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Physical Routes to Primitive Cells: An Experimental Model Based on the Spontaneous Entrapment of Enzymes inside Micrometer-Sized Liposomes.

D'Aguanno E, Altamura E, Mavelli F, Fahr A, Stano P, Luisi PL - Life (Basel) (2015)

Bottom Line: We have reported that proteins and ribosomes can be encapsulated very efficiently, against statistical expectations, inside a small number of liposomes.Moreover the transcription-translation mixture, which realistically mimics a sort of minimal metabolic network, can be functionally reconstituted in liposomes owing to a self-concentration mechanism.Here we firstly summarize the recent advancements in this research line, highlighting how these results open a new vista on the phenomena that could have been important for the formation of functional primitive cells.

View Article: PubMed Central - PubMed

Affiliation: Science Department, Roma Tre University, Viale G. Marconi 446, I-00146 Rome, Italy. Alfred.Fahr@uni-jena.de.

ABSTRACT
How did primitive living cells originate? The formation of early cells, which were probably solute-filled vesicles capable of performing a rudimentary metabolism (and possibly self-reproduction), is still one of the big unsolved questions in origin of life. We have recently used lipid vesicles (liposomes) as primitive cell models, aiming at the study of the physical mechanisms for macromolecules encapsulation. We have reported that proteins and ribosomes can be encapsulated very efficiently, against statistical expectations, inside a small number of liposomes. Moreover the transcription-translation mixture, which realistically mimics a sort of minimal metabolic network, can be functionally reconstituted in liposomes owing to a self-concentration mechanism. Here we firstly summarize the recent advancements in this research line, highlighting how these results open a new vista on the phenomena that could have been important for the formation of functional primitive cells. Then, we present new evidences on the non-random entrapment of macromolecules (proteins, dextrans) in phospholipid vesicle, and in particular we show how enzymatic reactions can be accelerated because of the enhancement of their concentration inside liposomes.

No MeSH data available.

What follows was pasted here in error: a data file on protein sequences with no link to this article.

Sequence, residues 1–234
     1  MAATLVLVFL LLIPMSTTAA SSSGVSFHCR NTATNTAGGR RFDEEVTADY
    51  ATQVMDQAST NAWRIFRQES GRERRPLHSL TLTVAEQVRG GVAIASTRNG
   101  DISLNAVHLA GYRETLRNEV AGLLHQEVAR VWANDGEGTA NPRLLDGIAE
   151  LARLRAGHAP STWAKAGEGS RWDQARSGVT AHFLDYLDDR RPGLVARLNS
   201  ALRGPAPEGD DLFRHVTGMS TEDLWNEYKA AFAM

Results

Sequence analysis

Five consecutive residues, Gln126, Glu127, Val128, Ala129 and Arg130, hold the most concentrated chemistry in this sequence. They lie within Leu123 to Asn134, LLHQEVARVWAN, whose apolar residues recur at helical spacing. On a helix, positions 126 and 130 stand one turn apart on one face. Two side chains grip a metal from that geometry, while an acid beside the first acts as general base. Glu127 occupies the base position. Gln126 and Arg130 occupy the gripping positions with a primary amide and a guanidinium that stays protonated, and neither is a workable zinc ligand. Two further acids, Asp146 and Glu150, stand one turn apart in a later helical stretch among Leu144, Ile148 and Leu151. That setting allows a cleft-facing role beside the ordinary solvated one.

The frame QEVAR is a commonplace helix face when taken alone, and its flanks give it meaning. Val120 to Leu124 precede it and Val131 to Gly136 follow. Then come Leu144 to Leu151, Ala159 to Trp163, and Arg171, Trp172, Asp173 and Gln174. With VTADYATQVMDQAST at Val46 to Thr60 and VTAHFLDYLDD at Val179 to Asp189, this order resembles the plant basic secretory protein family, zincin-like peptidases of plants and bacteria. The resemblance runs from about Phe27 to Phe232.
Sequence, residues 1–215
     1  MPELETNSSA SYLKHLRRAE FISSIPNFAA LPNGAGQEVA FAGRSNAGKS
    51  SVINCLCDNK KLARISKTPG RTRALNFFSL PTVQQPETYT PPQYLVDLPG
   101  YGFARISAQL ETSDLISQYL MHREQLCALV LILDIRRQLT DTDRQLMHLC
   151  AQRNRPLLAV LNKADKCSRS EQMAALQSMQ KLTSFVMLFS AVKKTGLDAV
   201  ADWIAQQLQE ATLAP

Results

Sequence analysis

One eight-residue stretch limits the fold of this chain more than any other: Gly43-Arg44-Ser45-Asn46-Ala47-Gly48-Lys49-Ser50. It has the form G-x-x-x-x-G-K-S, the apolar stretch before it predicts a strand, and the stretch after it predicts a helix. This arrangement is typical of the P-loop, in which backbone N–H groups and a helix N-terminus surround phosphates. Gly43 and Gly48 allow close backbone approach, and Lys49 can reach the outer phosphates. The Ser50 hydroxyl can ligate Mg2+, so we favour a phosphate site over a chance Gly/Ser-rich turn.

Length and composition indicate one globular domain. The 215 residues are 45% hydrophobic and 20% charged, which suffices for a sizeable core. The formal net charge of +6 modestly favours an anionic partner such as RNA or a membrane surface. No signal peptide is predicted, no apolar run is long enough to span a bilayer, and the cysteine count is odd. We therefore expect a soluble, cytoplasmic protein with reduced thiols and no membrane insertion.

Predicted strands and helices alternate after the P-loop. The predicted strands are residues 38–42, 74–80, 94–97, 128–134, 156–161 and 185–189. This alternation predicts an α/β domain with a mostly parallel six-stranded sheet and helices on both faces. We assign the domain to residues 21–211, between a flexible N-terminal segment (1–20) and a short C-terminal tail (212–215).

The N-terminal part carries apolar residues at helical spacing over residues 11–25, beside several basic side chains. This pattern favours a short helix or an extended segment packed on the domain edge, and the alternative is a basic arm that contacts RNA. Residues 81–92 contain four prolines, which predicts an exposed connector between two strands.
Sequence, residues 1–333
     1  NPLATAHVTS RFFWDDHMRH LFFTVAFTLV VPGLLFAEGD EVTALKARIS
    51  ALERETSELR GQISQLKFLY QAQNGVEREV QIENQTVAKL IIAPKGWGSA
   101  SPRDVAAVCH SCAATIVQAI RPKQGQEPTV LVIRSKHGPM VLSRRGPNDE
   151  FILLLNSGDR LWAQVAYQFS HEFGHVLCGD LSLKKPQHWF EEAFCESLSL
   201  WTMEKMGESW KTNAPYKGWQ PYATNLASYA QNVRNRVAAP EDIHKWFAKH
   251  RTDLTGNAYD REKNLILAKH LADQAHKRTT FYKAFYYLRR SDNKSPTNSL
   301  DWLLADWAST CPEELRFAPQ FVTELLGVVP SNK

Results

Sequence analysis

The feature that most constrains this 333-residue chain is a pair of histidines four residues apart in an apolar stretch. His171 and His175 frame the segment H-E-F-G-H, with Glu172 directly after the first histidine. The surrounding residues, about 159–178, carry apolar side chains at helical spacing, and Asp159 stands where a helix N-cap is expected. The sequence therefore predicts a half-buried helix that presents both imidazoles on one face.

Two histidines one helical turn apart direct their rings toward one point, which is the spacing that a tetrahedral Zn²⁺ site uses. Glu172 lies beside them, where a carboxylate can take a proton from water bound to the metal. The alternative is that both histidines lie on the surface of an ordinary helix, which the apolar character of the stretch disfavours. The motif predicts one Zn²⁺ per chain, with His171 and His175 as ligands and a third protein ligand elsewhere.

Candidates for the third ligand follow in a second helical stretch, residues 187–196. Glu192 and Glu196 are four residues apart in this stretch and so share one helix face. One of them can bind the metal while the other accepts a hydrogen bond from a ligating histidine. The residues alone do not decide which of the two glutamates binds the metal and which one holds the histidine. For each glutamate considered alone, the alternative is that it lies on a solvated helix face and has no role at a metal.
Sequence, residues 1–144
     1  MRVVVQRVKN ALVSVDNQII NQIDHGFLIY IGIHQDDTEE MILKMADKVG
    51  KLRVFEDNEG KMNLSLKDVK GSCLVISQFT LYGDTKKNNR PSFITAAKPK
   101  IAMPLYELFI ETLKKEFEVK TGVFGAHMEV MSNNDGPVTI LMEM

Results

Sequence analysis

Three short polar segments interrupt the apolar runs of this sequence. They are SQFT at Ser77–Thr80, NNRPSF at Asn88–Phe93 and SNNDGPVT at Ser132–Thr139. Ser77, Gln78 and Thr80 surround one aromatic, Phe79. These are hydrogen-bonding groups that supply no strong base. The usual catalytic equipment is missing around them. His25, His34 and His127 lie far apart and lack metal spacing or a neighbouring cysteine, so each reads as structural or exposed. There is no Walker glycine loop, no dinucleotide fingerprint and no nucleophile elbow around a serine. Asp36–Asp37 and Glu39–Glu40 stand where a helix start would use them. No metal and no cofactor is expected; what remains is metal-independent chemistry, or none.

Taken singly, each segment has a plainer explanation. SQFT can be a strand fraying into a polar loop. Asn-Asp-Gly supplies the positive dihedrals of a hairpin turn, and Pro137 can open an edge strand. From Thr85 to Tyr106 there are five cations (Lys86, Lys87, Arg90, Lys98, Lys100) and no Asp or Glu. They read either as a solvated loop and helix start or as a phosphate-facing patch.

Related in: MedlinePlus

Experimental approach for constructing semi-synthetic minimal cell (reproduced from [23] with the permission of Elsevier).
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life-05-00969-f001: Experimental approach for constructing semi-synthetic minimal cell (reproduced from [23] with the permission of Elsevier).

Mentions: In the last years, we have been concerned with experimental studies on the “minimal cell” [3], focusing on the simplest and most ancient possible structure of biological cells. Our approach is shown in Figure 1: we incorporate extant genes and enzymes inside lipid vesicles—which function as model of cell membrane. In particular, the term “semi-synthetic minimal cells” has been used to describe minimal cells models that can be realized in the laboratory. This approach has multifold advantages. Firstly, minimal cells can be built in the laboratory since all components are available. Therefore, minimal cells belong to the realm of laboratory approaches. Secondly, this “synthetic” approach [3,21,22] allows testing hypothesis about the minimal complexity required for cellular life. In principle, in fact, it is possible to reconstruct and study the desired functions in a fully artificial system that mimics the cellular structures that existed billions of years ago. Thirdly, physical effects, not only (bio)chemical ones, can be investigated, such as the entrapment of solutes—this will be the main topic of this article. Finally, the methods and strategies applied for constructing minimal cells in origin of life scenario can be exported to other fields, such as synthetic biology, biotechnology, nanomedicine.